The majority of proteins undergo post-translational glycosylation, in which complex carbohydrates are attached to the surface of proteins. However, when studying glycoproteins, the glycan component is often neglected. Glycosylation can affect protein structure and function, as is the case with Immunoglobulin G, the most abundant antibody in human blood and an important component of the immune system. Effector functions of IgG require the addition of a glycan moiety and are regulated by the composition of the carbohydrate, thus affecting activity of the immune system. Aberrant glycosylation of IgG has been observed in many diseases, but little is understood about the mechanisms behind these changes. Here we show that the synthesis of the glycan fraction is under control of an interconnected set of genes. We performed the largest genome-wide association study of IgG N-glycosylation to date (N=8,090) and found 27 associated loci (15 novel) that explain up to 22% of variance in glycosylation level. We developed a data-driven network approach to propose how these genes form a functional network regulating glycosylation of IgG. From this network we confirmed in-vitro that the transcription factor IKZF1 regulates the expression of glycosyltransferase FUT8, resulting in increased levels of fucosylated glycans. We also found strong in-silico evidence that RUNX1 and RUNX3 transcription factors, together with SMARCB1 chromatin remodelling protein, regulate expression of glycosyltransferase MGAT3. We showed that glycosylation variants supporting this network are pleiotropic with inflammatory and autoimmune diseases, suggesting how variants with an effect on both IgG glycosylation levels and disease risk could influence glycosyltransferases and result in aberrant IgG glycosylation profiles observed in these diseases.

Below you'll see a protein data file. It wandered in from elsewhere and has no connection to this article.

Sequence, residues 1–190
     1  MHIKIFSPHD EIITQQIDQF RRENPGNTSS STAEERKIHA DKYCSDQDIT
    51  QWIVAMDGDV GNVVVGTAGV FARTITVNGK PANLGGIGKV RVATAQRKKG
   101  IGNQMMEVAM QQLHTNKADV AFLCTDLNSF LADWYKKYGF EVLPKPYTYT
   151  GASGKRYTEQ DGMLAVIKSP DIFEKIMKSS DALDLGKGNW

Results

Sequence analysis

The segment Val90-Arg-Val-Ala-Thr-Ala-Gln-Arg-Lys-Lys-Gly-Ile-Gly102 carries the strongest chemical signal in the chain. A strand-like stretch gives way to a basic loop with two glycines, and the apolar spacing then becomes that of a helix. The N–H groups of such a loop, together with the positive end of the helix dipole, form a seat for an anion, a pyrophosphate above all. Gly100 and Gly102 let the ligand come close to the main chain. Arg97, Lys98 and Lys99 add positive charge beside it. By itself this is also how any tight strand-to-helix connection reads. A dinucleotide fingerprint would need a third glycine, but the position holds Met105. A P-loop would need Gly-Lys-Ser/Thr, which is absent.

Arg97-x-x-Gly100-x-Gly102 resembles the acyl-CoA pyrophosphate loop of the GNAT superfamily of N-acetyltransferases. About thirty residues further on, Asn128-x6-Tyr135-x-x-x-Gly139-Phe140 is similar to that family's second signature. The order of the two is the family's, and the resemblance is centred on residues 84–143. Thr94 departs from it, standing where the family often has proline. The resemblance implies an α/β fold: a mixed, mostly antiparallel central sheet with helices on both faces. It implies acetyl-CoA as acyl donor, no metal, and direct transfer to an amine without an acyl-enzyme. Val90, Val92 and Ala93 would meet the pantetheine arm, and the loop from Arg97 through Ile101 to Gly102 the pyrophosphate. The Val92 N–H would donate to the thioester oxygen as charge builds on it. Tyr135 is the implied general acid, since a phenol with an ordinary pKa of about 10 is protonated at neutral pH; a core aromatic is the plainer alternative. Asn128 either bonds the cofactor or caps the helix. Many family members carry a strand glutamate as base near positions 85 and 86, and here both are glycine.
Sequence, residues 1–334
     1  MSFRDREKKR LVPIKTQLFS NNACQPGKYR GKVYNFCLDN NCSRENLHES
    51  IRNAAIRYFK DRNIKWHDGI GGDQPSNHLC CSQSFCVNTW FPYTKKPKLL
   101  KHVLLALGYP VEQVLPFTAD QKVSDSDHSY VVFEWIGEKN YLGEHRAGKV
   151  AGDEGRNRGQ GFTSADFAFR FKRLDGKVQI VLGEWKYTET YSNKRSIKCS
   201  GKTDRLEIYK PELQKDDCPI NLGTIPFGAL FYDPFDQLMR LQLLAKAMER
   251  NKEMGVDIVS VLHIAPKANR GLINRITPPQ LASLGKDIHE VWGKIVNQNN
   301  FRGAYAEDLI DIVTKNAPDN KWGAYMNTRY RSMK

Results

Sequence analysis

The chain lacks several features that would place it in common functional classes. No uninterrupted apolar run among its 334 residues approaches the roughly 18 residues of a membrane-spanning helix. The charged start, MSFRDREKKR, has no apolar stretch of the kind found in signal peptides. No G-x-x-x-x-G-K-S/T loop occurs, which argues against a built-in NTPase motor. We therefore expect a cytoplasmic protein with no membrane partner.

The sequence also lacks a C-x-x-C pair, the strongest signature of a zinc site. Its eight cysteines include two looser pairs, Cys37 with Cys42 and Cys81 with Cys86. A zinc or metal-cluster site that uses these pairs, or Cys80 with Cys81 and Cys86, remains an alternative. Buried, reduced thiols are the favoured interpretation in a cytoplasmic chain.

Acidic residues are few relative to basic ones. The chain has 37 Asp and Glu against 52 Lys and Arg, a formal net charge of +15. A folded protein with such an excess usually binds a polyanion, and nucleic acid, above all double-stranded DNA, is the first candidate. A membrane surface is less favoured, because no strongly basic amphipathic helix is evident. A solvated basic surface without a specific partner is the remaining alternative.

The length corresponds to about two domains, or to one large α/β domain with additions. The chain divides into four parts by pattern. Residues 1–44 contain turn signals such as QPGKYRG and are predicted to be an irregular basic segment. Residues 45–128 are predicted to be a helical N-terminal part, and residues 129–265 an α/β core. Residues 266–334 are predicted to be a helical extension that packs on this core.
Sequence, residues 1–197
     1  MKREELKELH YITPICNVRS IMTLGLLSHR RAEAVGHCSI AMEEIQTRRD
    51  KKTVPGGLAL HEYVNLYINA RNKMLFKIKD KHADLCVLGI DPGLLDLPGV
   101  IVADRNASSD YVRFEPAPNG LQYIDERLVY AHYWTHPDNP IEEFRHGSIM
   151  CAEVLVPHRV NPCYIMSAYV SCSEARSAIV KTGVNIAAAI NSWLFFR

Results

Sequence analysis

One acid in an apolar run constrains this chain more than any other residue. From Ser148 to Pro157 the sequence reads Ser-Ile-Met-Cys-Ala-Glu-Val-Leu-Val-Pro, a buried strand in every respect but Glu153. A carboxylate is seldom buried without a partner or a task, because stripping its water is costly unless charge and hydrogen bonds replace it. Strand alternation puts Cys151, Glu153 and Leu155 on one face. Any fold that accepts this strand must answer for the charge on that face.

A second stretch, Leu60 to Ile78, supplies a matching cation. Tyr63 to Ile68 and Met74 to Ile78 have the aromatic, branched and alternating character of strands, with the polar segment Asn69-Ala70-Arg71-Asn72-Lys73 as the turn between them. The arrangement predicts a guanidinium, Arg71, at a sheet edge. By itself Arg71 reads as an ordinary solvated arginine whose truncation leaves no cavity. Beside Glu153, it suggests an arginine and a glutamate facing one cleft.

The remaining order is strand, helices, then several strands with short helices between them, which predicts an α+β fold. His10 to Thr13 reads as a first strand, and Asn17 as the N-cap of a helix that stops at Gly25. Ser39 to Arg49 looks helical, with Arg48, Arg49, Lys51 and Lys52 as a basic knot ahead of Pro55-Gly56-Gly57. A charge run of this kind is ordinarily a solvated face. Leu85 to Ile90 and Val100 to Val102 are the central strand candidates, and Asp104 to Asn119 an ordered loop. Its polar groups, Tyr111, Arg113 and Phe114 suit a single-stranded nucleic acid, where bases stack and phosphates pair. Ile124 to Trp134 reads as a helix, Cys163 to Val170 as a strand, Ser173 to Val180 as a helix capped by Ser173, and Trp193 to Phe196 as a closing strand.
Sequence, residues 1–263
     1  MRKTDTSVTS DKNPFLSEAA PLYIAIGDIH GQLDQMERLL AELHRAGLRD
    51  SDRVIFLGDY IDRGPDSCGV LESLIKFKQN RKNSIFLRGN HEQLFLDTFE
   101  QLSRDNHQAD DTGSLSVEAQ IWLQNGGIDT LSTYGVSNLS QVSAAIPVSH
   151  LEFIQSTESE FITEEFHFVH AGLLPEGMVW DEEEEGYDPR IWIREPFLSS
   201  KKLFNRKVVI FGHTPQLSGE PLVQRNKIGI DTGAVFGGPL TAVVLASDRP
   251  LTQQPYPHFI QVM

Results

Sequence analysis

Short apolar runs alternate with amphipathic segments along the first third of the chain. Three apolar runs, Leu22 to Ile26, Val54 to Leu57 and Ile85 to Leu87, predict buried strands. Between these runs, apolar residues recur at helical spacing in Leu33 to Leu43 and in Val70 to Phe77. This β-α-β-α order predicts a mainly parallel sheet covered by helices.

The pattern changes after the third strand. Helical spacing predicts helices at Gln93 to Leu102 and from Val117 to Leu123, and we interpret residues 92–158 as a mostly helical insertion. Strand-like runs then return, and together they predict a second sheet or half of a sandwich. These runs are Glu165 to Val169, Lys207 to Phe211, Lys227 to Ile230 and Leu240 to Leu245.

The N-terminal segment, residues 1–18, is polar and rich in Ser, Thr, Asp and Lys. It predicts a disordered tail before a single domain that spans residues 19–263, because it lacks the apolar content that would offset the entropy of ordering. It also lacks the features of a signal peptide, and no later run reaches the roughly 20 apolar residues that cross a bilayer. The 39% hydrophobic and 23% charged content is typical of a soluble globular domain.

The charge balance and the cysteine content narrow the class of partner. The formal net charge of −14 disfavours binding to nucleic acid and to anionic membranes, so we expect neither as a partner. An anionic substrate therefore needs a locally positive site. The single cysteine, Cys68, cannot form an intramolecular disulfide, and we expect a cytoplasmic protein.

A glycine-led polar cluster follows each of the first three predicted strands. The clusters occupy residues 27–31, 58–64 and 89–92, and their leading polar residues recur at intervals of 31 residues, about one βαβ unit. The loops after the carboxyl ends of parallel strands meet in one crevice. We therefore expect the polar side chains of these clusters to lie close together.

Klaric, Lucija; Tsepilov, Yakov A; Aulchenko, Yurii S; Lauc, Gordan; Hayward, Caroline. (2018). GWAS summary statistics for UPLC IgG N-glycosylation traits, [dataset]. MRC Human Genetics Unit. Institute of Genetics and Molecular Medicine. University of Edinburgh. https://doi.org/10.7488/ds/2481.